A tune to drown out recession's grind

March 17, 2009|By Janet Gilbert

Listen: Can you hear it? That pervasive, synchronized, "gwak-gwak-gwak"?

It's the collective teeth-gnashing of Marylanders across all socioeconomic strata about the condition of the U.S. economy. Stocks are tanking, retirement accounts are receding like an investment advisor's hairline - but look on the bright side: Now is a good time to invest in the bruxism retainer business.

We used to be able to assess someone's financial success by the make and model of her vehicle or the cut of his clothes. Now we can tell how well-off people are by the length of their bicuspids. You've got your banking executives sporting their candy-corn smiles. Popcorn kernel teeth? Probably in the housing industry. I'm wondering how President Barack Obama's going to look when he's flashing the kind of smile you normally see on a 6-month-old.

All this tooth-grinding is just an unfortunate side effect of the shared American disease now reaching epidemic proportions: investmentitis dementia. It manifests itself in the need to talk about personal financial losses to perfect strangers in elevators, grocery aisles and, of course, the lines for lottery tickets in liquor stores. Who's got it worse? The single parent who just got RIF-ed, or her parents who retired last year? How bad is your IRA looking? Are you behind on your bills?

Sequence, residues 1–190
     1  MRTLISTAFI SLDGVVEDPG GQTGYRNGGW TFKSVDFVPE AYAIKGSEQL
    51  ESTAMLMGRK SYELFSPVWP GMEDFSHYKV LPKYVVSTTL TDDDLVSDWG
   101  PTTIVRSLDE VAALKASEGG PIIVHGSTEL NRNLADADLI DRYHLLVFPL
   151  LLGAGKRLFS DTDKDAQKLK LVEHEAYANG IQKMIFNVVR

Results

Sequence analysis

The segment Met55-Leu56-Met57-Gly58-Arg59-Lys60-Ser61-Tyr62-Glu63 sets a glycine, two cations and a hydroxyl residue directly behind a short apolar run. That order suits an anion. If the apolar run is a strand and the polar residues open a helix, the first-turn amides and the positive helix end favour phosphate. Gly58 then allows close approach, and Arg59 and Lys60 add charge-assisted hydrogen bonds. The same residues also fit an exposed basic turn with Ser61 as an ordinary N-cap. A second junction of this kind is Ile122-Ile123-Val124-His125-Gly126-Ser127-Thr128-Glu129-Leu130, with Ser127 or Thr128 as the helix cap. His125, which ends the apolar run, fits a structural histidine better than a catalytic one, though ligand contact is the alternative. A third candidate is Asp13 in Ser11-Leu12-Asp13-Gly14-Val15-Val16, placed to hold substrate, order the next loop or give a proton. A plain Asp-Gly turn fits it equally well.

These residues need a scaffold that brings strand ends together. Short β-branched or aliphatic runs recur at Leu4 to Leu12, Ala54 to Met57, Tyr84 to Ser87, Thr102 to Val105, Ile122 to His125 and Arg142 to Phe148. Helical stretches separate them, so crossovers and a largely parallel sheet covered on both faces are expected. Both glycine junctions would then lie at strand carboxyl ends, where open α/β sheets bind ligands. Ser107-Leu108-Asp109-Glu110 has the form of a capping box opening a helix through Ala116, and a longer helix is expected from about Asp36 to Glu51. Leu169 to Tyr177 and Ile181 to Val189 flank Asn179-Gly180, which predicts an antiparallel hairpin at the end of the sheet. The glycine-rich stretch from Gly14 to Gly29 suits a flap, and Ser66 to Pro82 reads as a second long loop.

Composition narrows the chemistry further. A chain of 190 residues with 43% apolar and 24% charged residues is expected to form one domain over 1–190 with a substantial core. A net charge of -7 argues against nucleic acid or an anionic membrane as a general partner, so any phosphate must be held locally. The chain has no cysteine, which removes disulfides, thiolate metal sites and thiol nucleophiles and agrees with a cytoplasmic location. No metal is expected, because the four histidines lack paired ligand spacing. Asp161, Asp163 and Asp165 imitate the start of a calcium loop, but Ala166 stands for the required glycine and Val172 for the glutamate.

The early warning signs of investmentitis dementia are easily identified: a person's conversation is peppered with denial, anger and blame. Once you move past this stage, you want to get smart on the disease - and believe me, there's plenty to read. Blogs on the Internet, financial analysts' reports on television, and the headlines in the few remaining newspapers are serving up the same rancid leftovers: Stocks are plummeting, layoffs are increasing, and in general it appears that things are going from bad to worse.

Unfortunately, with investmentitis dementia, the more you know, the worse you feel. Because this disease spreads through bad attitude, which is not adjusted upward with frequent hand washing or a good night's rest and plenty of liquids.

When you think about it, a lot of bad stuff happens in daily life over which we have absolutely no control. For example, recently I was standing in line with a large gathering of people and some individual near me had astounding, Olympic-caliber body odor. I really could not do anything about this pungent situation, so I just tried to focus on something positive. It was unpleasant, yet I knew it was temporary. I did not curse God or fire off a letter to the General Assembly.

My point is, there are a lot of things we can do to fight off investmentitis dementia, and keep ourselves and our children healthy.

We can listen to upbeat music at least once a day. I recommend "De Do Do Do, De Da Da Da" by the Police. Spend a few minutes trying to figure out what this song is about. It is more productive than blaming corporate CEOs and lending industry executives.

We can consider the silver lining: We are exhibiting great strength of character against overwhelming odds, not unlike Mel Gibson in Braveheart.

We can avoid people and activities that make us feel bad, and seek out people and activities that make us feel good.

To quote Sting: "De do do do, de da da da, that's all I want to say to you."

Janet Gilbert, a freelance writer, lives in Woodstock with her inspiring spouse, ebullient children and obstreperous dog. Visit her at www.janetgilbert.net.

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